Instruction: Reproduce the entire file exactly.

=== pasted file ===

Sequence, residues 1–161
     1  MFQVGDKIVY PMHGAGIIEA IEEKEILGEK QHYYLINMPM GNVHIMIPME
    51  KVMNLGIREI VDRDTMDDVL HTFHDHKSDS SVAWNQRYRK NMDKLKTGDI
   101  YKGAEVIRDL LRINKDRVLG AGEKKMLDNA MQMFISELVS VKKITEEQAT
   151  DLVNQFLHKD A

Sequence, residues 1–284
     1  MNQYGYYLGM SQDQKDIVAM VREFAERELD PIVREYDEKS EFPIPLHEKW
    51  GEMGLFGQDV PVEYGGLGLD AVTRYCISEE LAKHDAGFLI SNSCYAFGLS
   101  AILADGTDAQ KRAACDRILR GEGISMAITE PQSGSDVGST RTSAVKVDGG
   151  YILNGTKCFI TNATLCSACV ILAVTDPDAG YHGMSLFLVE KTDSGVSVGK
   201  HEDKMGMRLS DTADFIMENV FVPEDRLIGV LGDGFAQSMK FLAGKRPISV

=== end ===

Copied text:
Sequence, residues 1–161
     1  MFQVGDKIVY PMHGAGIIEA IEEKEILGEK QHYYLINMPM GNVHIMIPME
    51  KVMNLGIREI VDRDTMDDVL HTFHDHKSDS SVAWNQRYRK NMDKLKTGDI
   101  YKGAEVIRDL LRINKDRVLG AGEKKMLDNA MQMFISELVS VKKITEEQAT
   151  DLVNQFLHKD A

Sequence, residues 1–284
     1  MNQYGYYLGM SQDQKDIVAM VREFAERELD PIVREYDEKS EFPIPLHEKW
    51  GEMGLFGQDV PVEYGGLGLD AVTRYCISEE LAKHDAGFLI SNSCYAFGLS
   101  AILADGTDAQ KRAACDRILR GEGISMAITE PQSGSDVGST RTSAVKVDGG
   151  YILNGTKCFI TNATLCSACV ILAVTDPDAG YHGMSLFLVE KTDSGVSVGK
   201  HEDKMGMRLS DTADFIMENV FVPEDRLIGV LGDGFAQSMK FLAGKRPISV